Centralia Weekly Chronicle, September 11, 1912

Centralia Weekly Chronicle

September 11, 1912

View full page Start A Free Trial!

Issue date: Wednesday, September 11, 1912

Pages available: 8

NewspaperARCHIVE.com - Used by the World's Finest Libraries and Institutions
About Centralia Weekly ChronicleAbout NewspaperArchive.com

Publication name: Centralia Weekly Chronicle

Location: Centralia, Washington

Pages available: 822

Years available: 1910 - 1912

Learn more about this publication
  • 2.18+ billion articles and growing everyday!
  • More than 400 years of papers. From 1607 to today!
  • Articles covering 50 U.S.States + 22 other countries
  • Powerful, time saving search features!
Start your membership to the world's largest newspaper archive now!
Start your genealogy search now!
See with your own eyes the newspapers your great-great grandparents held.

View sample pages : Centralia Weekly Chronicle, September 11, 1912

All text in the Centralia Weekly Chronicle September 11, 1912, Page 1.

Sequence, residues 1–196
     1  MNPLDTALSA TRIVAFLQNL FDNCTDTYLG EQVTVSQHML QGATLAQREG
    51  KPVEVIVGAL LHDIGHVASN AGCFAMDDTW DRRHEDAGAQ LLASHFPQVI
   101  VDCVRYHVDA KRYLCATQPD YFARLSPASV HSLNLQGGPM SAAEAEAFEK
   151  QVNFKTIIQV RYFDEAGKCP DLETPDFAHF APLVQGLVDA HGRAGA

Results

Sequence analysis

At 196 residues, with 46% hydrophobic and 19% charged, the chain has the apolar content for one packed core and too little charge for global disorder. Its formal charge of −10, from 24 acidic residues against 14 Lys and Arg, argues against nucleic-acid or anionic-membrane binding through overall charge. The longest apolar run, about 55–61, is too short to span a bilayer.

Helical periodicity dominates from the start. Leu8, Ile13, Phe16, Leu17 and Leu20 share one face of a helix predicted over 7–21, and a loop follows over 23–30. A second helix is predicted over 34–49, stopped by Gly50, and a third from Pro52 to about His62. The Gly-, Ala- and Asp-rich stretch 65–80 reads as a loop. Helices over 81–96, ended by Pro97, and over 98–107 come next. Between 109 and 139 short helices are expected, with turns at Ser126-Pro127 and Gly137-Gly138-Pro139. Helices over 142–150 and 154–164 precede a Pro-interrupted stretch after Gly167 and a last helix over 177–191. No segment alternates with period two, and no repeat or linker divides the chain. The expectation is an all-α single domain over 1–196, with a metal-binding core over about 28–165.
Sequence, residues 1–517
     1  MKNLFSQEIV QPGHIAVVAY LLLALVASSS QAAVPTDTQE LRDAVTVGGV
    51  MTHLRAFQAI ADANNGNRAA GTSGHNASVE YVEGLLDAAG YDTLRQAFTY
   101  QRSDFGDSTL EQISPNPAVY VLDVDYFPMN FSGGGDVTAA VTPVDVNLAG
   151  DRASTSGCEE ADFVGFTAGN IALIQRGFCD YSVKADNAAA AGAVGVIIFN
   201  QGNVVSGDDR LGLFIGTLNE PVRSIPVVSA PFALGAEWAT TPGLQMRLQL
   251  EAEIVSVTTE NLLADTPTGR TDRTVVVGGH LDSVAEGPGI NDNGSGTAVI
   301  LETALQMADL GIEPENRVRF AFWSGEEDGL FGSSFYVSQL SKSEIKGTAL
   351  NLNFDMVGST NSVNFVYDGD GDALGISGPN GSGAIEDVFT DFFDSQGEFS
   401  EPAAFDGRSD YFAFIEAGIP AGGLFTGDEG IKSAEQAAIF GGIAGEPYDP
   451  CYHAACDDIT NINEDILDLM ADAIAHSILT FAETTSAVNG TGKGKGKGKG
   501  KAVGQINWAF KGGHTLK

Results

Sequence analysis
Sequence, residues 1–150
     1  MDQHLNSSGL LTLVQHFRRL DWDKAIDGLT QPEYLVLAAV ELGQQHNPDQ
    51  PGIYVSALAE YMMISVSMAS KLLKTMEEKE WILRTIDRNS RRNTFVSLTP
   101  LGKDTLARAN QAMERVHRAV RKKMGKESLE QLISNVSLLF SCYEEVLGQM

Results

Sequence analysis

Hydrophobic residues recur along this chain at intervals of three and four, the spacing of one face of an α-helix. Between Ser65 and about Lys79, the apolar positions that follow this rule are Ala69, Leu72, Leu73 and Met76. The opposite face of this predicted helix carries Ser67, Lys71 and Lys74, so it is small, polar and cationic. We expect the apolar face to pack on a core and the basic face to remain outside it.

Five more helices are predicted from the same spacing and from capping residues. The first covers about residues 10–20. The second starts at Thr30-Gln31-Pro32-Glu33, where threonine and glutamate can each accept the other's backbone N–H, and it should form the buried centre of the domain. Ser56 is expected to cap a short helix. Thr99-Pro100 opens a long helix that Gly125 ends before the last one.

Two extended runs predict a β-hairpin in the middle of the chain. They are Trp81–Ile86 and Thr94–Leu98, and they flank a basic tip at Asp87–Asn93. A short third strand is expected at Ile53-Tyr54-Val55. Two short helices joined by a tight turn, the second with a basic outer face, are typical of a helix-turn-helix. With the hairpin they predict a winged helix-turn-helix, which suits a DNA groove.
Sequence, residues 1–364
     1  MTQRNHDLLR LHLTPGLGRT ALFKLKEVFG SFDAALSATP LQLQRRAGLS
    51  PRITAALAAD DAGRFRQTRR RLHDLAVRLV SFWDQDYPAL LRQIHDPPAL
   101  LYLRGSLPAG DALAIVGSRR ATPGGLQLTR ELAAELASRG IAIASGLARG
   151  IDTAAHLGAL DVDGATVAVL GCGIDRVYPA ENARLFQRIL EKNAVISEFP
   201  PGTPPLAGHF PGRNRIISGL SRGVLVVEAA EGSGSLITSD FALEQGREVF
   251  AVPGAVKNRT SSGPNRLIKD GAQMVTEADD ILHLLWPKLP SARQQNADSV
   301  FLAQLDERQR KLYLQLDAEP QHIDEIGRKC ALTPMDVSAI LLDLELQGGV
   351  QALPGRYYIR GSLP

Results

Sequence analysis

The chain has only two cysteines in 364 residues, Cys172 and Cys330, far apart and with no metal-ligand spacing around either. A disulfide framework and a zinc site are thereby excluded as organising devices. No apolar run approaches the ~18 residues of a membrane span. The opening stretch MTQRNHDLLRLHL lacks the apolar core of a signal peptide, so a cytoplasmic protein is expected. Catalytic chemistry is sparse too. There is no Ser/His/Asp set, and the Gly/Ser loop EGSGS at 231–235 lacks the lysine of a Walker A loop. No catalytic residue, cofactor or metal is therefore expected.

Centralia Weekly Chronicle (Newspaper) - September 11, 1912, Centralia, Washington Wilson Jo Follow Up Roosevelt (United Press Leased Wire.) i that Wilson's western trip opening at NEW YORK, Sept. Wil-, son, Democratic presidential nominee intends to strengthen his fences in the Middle West. After a conference Sioux City, September 17, would be extended. Wilson may follow In the wake of Roosevelt's western trip, but if he between Wilson and his political it will be a different trip from viscrs liere today, it was admitted i the one starting from Sioux City. (United Pi-ess Leased Wire.) SEATTLE, Sept. most important business to come before the United States circuit court of ap- peals, composed of Judges Morrow, Barnum, Ross and Gilbert, when it assembled here today, will restore; the citizenship of Leonard Olsson, i the Tacoma longshoreman who was disfranchised by ex-District Judge Hanford because it was alleged that Olsson had committed perjury in ap- plying for naturalization who is a member of the Socialist La-, bor party and of the Industrial i Workers of the World, will have his i papers restored BO that he may ?ote alt the November election. Attorney-General Wickersham pro-; nounced Hanford's decision a gross j injustice, and Instructed the District Attorney of Puget Sound to co-ope- rate with Olsson's attorneys in nppeal. The reversal of Hanford's decision by the court of appeals willj be only a formality. The decision led to a congressional i investigation, In the course ofk which Hanford resigned. The court of appeals will also take tip the case of EH Melovlch, to whom Hanford to have denied justice. i Perish In Typhoon (United Press Leased Wire.) SHANGHAI, Sept. ports received here today. Thousands of victims were washed out at sea. 000 natives met death in a typhoon'! Over ten thousand people perished in Chekian province, according to re- I in Tsing Tien alone. Surveyors Set Line Of Stakes Through City A party of four engineers were at, line from that city through Centralia, work this morning on the old Union may be making a survey, but this is Pacific grade in the southwest part of !only a matter of conjecture as tnere the city. They set a line of stakes Roosevelt Gets Ovation In Seattle (United Press Leased Wire.) SEATTLE, Sept. arrived here today and addressed the delegates to the first Progressive state convention. He made an appeal for progress along the lines marked out in the new party platform and laid special emphasis on the duty confronting women voters. Seattle gave him the greatest ova- tion which he has yet received on his present trip. Facing an audience cheering him to the echo in Dream- land rink, he characteristically de- tailed his "taking over of the Pana- ma canal." "The older I get, the more progres- sive I am he asserted in his speech. An automobile parade through tha city, between lines of cheering thous- ands, was the forerunner of a tre- mendous reception in Dreamland rink. All along the line from kane crowds turned out until late last night and early this morning to a glimpse of Roosevelt. In his speech in the Dreamland rink, Roosevelt defended his in obtaining the Panama canal zone. "Had I followed the usual he said, "the canal would still ba fifty years in the future. "I never acted like a dictator. 1 came to the conclusion that someone was trying to hold up Uncle Sam, so> I took the zone." SEPTEMBER 10. The registration books at the city j hall closed last night with a total registration of a record regis- tration for Centralia. The city clerk's office kept open until late to enable those to register who could not find time to Co so during the day, and the office was crowded until closing time. One heavy vote is predicted for today's primaries. The registra- tion by wards is as follows: First Ward, 272; Second Ward, 364; Third Ward. 360; Fourth Ward, 546; Fifth Wurd, 394, and Sixth Ward, 542. down the center of the old grade. It is believed that Olympia people who are several interurban projects re- ported under consideration by differ- are interested in a projected electric ent parties. i Late Founder of Salvation Army and His Successor IN CHILIS Several multl-mllllonaires have re- cently been married to young actresses. A young girl must needs be an actress to make one of those money bags believe hivis getting real love In exchange for his Illthy lucre. SEPTEMBER 10. On the advice of Prosecuting At- j torney J, K, Uuxtou. who claimed j that It was the law, Chief of Police Schlelder ordered the local saloons to this morning and to remain closed until after the polls had closed at 8 o'clock tonight. The chief went to Chelialis this morning, however, and found the saloons in the county seat running until 11 o'clock. When j Informed of the fact the prosecuting! attorney Is alleged to have stated! that he would "look into the matter i and see what could be done with i 'em." I There Is now talk of tnrnins the Philippines into :i breeding ground i for noblemen for American heiresses. Most liny Filipino, even without a title, is the equal of the lirauil of nobllitty that carries off American brides. i Some dolvers into (he mysteries of j the evolution of man now claim that; the human nice originally beg.in life In the form of trees. There are n i few "sticks" left to bear out the; theory. j Hodge Wins Progressive Nomination White Trihe Here Before Columbus (United Press .Leased Wire.) SEATTLE, Sept. Stefansson, after spending more than four years in Arctic exploration, re- turned to Seattle yesterday by steam- er from Nome, and told of his probable discovery of the des- cendants of the Scandinavian col- onists of Greenland, who were last heard of in 1412, and who, when trade with Greenland was resumed in the 17th century, had entirely disappeared. Stefansson and his companion, Dr. R. M. Anderson of Forest City, Iowa, (United Press Leased Wire.) jmade a valuable zoological and OXFOR6, Eng., Sept. ethnalagical collection which is to army maneuvers today j on the steam whaler Belvedere with j Lieut. E. H. Hotchkiss and C. A. Bcn- j Dr. Anderson and will arrive in San nington, of the Royal .Flying Corps, I Francisco the first week in Novem-1 plunged 500 feet to earth and were pier on the way to the American! instantly killed while passing over Museum of Natural History New the village of Wolvercote. An ex- York. Mr. Stefansson will leave for New York tonight. Stefansson re- plosion of the petrol tank is believed to have caused the accident. Lieut. ports Dr. Anderson in perfect health, j Bennington's body fell into the River i The Belvedere is now whaling offjigju. i Wrangle island, Siberia. During more than four years Stefansson and I Anderson were together only nine mouths, covering more ground by I separating. (United Press Leased Wire.) (United Press loused Wire1.) SEATTLE, Sept. than delegates assembled here to- day for the Progressive state conven- tion in the Seattle Armory. veil made the principal address. The Progressives are to ratify the nomln-j tttions made in the Progressive pri- j maries held throughout the state. j The convention, besides ratifying the national platform, is expected to! declare for the Oregon system of electing senators until direct legisla- tion can be obtained; for an increase in the provisions of the workmen's compensation act, the recall of judges and the right of the initiative for constitutional amendments. The convention will not make the formal nominations until this even- ing. i The returns fromjthe bull moose primary Saturday are still Incom- plete but are sufficiently full to indi- cate the winners of the maorlty of the contests, Robert T. Hodge has undoubtedly been nominated for governor by the plurality he received In King county, hit home, Pierce and Spokane counties. In practically every other county In the Hate he ran behind. ,P J. A. Falconer, of M- eured nomination for ttd aU runnlig will be .7. W. Bryan, of Bremerton. Sheriff Hodge swept King county in the race for the bull moose nomin- ation for governor as shown by the returns from 341 precincts out of a total of 391 In the county, receiving votes with Cnse nearest with 1.8S6, and Lawrence 966, and Paul- hamus S40. The vote on congress- man in King county follows: Congressman-at-large Falconer, Corbaley, 617; Bryan, Biggar, Congress first 497; Rutherford, 630; McLean, 8S9; Landon, The only surprising results of the primary was the nomination of J. W. Bryan, city attorney of Bremerton, for congressman-at-large. It had been predicted by all experienced politicians that Robert T. Hodge, sheriff of King county, would '-be named for governor; that Daniel Landon would get the congressional nomination In the first district and J. A. Falconer of Everett one of the congressional nominations at large, but It wag believed that Bryan would make no showing at all In the East Side counties. He ran varying- ly well on the Bait Side and led ibe poll for the office In IKng county. Bight thousand votei were out In King county, where the total tration li about Photo by American Press Association. ONE tlip most picturesque figures In m.wtern KncMsh nlstory tin away In the death of General the founder o the salvation Army Although lie was etirhty-three years old. he hm. hern active In the direction of the iirmy mtrli he was stricken wUh blindness i.ist June. He was an uniJnnu n-urker and never suffered a Illness nun. ins last He was well known In this country, which he visitei! for the li'v mile four ago Every one soknowiedeed the spiritual forte ol tills man, out he was no less renmrkatue as a practical or pnnin'r Marshal Uirri once said that the British army had taken mini the Salvationists In methods of organization, distribution and eom'r- son Bnumvell (photograph shown at left of illustration i, who s him in of the army, is said to have Inherited his father's s'-nms us an executive. DENVER, Colo., Sept. I Arnold, Chief of Police O'Neil, and Police Commissioners Balkley, McGreed were indicted today by a grand jury on charges that they had violated their oaths of olBce by per- SEPTEMBER 10. milling vice to burish in Denver. Iii- The city commission held a brief; dictments on similar charges were session this afternoon. Several bills j also brought against former Mayor were allowed, a petition for a liquor j Speer and former Chief of Police license for C. R. Powers was read and Armstrong, and former Commission- placed on file, and the city clerk ers Hewitt, Davoran and Barton- instructed to publish the fact that More than 100 indictments are said the city attorney had completed the: to have been returned, indicating that assessment rolls for L. I. D. No. 23.1 Denver is in for a thorough cleaning After this the commission adjourned up. mum (United Press Leased Wire.) SPOKANE, Wash., Sept. kane today gave Roosevelt the most enthusiastic reception yet accorded him on his "swing around the circle." Twenty-lve thousand persons packed the streets In front of Masonic temple when he started to speak. Roosevelt opened his speech with, "The Theft of the Washington Dele- gates at the Chicago as his theme. "I believe Washington IB for said the colonel. "You yelled the crowd. In closing his speech Roosevelt said he would not talk about the Re- publicans as he did not discuss dead folks." Roosevelt addressed an exclusive- ly feminine audience in the morning. He detailed at length to the women why he Is convinced that equal rights at the polls Is essential to obtain a "square deal." He Is having a busy day In Spokane; an automobile pa- rade In the morning and awo ad- dresses before luncheon, and another big open-air meeting for worklngmen Is scheduled before he leaves tonight for Seattle and Tacoma. One great trouble with the morals Good luck sometimes goes after a of thlt country is that there are too man with a warrant, but the many jfttli and not enough happy hustler Is usually the man it is look- hornet. for. Democrats Lose Maine To Republicans PKKK-A-HOO IX CHURCH DIS- j TRACTS. (United Press Leased Wire.) VENICE, Sept. Ca- vallari, the patriarch of Venice, who recently fulminated against what he termed as the "Immodest female has threatened to expel from his church hobble-skirted and peek-a-booed women. Yesterday he interrupted the service at St. Mark's Cathedral and sent a prelate to warn a woman who was dressed conspicu- ously in a peek-a-boo creation that he would not resume the service until she had left the church. The woman Immediately expostu- lated and pointed out to the prelate that the paintings adorning the church represented nude angels and martyrs. These arguments did not convince the preTate and he Insisted that the lady leave the church. However, she donned a shawl which wat cear her in a Ulj compromise permitted the tton of the service. (United Press Leased Wire.) PORTLAND, Me., Sept. Republicans, with the aid of Progres- sives, according to practically com- plete returns, have wrested Maine from the control of the Democrats by? electing W. T. Haloes, for governor over F'reu'erlck W- Plaisted, the Democratic encumbent- It is certain that the Republicans have elected the state ticket and have regained control of several con- gressional districts, aa well as ob- taining control of the new state legis- lature. The estimated vote at noon today wan Hainca Plaistod The Democrats admitting defeat in the state fight, awiert that Wilson will carry Uie state, as cha they will split the Republican ToU. The coBtrol of the Republican tat M mot ipUt ;